java – What is the reason behind non-static method cannot be referenced from a static context?

java – What is the reason behind non-static method cannot be referenced from a static context?

You cant call something that doesnt exist. Since you havent created an object, the non-static method doesnt exist yet. A static method (by definition) always exists.

The method you are trying to call is an instance-level method; you do not have an instance.

static methods belong to the class, non-static methods belong to instances of the class.

java – What is the reason behind non-static method cannot be referenced from a static context?

The essence of object oriented programming is encapsulating logic together with the data it operates on.

Instance methods are the logic, instance fields are the data. Together, they form an object.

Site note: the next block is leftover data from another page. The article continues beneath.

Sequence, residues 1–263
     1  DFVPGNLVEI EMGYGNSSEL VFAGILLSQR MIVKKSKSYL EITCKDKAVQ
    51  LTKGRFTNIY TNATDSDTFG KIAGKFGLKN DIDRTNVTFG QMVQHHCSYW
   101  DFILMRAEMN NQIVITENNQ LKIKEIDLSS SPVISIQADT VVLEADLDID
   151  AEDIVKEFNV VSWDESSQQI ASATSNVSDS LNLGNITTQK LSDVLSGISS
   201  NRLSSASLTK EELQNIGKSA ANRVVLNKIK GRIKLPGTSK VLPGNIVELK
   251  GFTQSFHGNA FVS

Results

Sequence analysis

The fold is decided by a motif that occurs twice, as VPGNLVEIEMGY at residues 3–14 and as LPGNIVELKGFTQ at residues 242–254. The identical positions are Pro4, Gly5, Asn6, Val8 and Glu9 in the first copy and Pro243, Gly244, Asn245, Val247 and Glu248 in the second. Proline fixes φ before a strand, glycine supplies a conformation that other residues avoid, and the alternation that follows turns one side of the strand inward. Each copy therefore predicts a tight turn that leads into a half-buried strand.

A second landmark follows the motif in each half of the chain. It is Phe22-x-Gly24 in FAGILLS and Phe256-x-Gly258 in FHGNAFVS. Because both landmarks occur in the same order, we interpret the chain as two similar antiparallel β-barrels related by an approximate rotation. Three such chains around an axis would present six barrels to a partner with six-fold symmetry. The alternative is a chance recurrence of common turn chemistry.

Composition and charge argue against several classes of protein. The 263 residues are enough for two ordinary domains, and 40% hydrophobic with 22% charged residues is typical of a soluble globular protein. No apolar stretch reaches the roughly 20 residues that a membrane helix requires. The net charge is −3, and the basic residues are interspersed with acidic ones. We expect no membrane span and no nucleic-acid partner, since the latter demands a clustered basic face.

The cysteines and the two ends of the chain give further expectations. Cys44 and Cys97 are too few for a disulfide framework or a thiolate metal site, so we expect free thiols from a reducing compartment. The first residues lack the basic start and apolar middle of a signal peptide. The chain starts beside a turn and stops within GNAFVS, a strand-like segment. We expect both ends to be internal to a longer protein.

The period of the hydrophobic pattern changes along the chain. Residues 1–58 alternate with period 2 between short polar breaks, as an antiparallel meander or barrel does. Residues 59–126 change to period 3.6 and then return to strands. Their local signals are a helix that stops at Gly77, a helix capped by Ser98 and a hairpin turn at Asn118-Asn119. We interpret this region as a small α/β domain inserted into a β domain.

public class Foo
{
    private String foo;
    public Foo(String foo){ this.foo = foo; }
    public getFoo(){ return this.foo; }

    public static void main(String[] args){
        System.out.println( getFoo() );
    }
}

What could possibly be the result of running the above program?

Without an object, there is no instance data, and while the instance methods exist as part of the class definition, they need an object instance to provide data for them.

In theory, an instance method that does not access any instance data could work in a static context, but then there isnt really any reason for it to be an instance method. Its a language design decision to allow it anyway rather than making up an extra rule to forbid it.

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